Russian ministries have finally unveiled a range of changes to the mandatory second-pillar pension system, leaving confusion in their wake.

The contribution rate has been slashed once again.

Until now, workers born on or after 1 January 1967 have had 6% their of gross salary paid to either a non-state pension fund (NSPF), the fund run by the state-owned Vnesheconombank (VEB), or have this portion in the first-pillar Pension Fund of Russia (PFR) but administered by private asset managers.

The VEB fund is also the default option for the molchani (‘silent ones’) who failed to choose an NSPF or asset manager themselves.

As of the end of June, the VEB managed RUB1.7trn (€39.2bn), the NSPFs RUB887.6bn and the asset managers 34.3bn.

A law in December 2012, due to take effect at the start of 2014, cut the molchani contributions to 2%, with the remaining 4% moving to the pension fund run by the PFR.

This law is now to be ditched, with the molchani contribution slashed to 0% – on the reasoning that these passive investors have no interest in a funded system – although the decision deadline has been extended from the end of 2013 to 2015.

It has also been proposed to restrict the opportunity for workers to change their retirement fund from once every year to every five years.

More controversially, all second-pillar contributions in 2014 – some RUB244bn – will be frozen.

Vladimir Potapov, chief executive and global head of portfolio management at VTB Capital Investment Management, said: “The money will be retained by the state pension fund, and, judging by the finance minister’s recent statement, is supposed to become a sort of an air bag that will be activated in case an emergency breaking of the national economy occurs.

“But it is not certain at the moment. The retained saving can also be spent for social projects or can reduce the state transfer to the state pension fund budget in 2014.”

Russia’s economy, heavily dependent on oil and gas revenues, has slowed alarmingly.

According to the World Bank, this year’s GDP growth is expected to fall to 1.8%, the slowest rate since the 2009 recession.

This, in turn, has put pressure on government revenues, with the consolidated budget set to fall to a deficit.

Meanwhile, all the NSPFs will have to convert from their existing status as non-profit organisations to joint-stock companies.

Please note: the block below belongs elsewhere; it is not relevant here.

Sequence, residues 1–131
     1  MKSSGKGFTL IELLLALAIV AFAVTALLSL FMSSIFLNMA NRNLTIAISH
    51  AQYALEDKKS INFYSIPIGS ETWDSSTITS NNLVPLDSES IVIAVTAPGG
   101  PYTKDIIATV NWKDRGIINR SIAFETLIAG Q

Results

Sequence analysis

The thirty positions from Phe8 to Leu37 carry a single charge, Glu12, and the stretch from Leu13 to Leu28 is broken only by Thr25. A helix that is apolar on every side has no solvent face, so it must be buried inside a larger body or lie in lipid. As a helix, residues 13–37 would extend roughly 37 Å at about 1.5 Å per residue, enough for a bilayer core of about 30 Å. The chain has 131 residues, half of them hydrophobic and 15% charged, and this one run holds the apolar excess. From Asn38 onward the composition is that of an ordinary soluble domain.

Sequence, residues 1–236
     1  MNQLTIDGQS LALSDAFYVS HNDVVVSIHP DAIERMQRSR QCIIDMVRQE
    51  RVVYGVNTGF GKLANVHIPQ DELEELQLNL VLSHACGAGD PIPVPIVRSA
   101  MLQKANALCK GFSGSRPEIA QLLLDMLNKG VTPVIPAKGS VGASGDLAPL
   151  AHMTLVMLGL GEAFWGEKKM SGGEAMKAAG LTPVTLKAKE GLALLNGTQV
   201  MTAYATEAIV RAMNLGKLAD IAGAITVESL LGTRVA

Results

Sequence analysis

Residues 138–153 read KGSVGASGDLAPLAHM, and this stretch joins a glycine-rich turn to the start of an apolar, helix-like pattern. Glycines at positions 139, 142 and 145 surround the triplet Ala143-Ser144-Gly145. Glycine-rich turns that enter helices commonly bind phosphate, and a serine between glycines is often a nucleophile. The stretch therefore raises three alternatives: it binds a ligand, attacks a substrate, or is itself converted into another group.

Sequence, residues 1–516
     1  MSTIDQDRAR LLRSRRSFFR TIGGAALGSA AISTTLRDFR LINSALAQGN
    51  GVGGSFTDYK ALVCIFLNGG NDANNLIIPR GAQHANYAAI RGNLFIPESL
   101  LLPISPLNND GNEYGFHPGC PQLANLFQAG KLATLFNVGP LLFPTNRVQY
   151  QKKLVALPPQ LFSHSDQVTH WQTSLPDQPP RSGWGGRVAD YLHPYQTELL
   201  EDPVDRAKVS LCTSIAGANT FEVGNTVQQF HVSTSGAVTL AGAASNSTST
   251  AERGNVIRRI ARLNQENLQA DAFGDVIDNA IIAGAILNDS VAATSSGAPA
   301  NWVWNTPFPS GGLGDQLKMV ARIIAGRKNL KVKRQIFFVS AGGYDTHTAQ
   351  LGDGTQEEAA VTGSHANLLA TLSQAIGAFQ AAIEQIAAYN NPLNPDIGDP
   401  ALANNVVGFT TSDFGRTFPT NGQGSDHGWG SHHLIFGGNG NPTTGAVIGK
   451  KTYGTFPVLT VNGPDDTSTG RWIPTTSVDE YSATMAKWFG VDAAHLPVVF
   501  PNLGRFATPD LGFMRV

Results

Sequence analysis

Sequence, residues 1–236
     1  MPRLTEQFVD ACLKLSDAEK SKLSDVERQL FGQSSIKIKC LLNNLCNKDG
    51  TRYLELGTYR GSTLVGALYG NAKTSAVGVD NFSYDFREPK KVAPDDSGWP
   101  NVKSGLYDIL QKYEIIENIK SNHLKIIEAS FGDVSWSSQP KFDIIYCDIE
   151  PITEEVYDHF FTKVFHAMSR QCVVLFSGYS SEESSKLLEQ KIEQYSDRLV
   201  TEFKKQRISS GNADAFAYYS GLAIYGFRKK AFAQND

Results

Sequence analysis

The non-profit status lacked ownership transparency and was prone to many abuses including a major mis-selling scandal, and clients transferred on the basis of falsified documentation some 18 months ago.

In May, Russia’s Audit Chamber launched an audit into the performance of the NSPFs over the previous 10 years to calculate the profits they generated for their clients in relation to inflation, as well as uncover any illegal activities.

For some NSPFs, the conversion will be complicated.

“For aggregated reporting of holdings, which will incorporate pension funds, it’s quite probable that, instead of a big non-state pension fund specialised both in work with pension reserves and pension savings, we will see two funds,” Potapov said.

“One of them will be a joint-stock company, and the other one will stay as a non-commercial organisation and resume its work with pension reserves.”

He sees the 100-odd funds shrinking in number to 40-80, with the larger ones acquiring the weaker ones, along with their clients.

The converted NSPFs, along with the VEB fund, will switch to IFRS accounting standards and require licensing by Russia’s central bank, which, as of the start of September, took over pensions and other financial market regulations from the Federal Financial Markets Service.

While many NSPFs will have to leave the market, in principle, the change in their legal status is welcomed.

Alexander Lorenz, chairman of the council at Raiffeisen Pension Fund in Moscow, said: “We have been advocating for some time that this will be a good development.

“But do we need a freeze in contributions with all the negative repercussions for the local capital market?”

While president Vladimir Putin, who has the final say on these laws, has explicitly ruled out any ultimate confiscation of contributions, this freeze – alongside the uncertainty about whether they will be returned, and, if so, with any interest – will create untold headaches for the pension funds’ business models.

As Lorenz told IPE, in the case of pensions contracts signed in 2013 for next year, the funds will for now not receive any assets for the distribution costs they have already incurred, and no-one knows as yet whether the funds, pending central bank licensing, will be able to sign new contracts in 2014.

Under another new law, the newly licensed companies would be expected to sign up to a new guarantee scheme similar to Russia’s bank deposit insurance programme.

“It would alleviate some issues that have been hampering us for some time, such as having to provide long-term principal guarantees, that would allow us to invest long term,” said Lorenz.

The flip side is that the scheme would inevitably create additional bureaucracy and costs.

Lorenz said he was hoping for a general overhaul of the current second-pillar fee structure – 15% of investment income – to one that also factors in contribution levels and assets under management.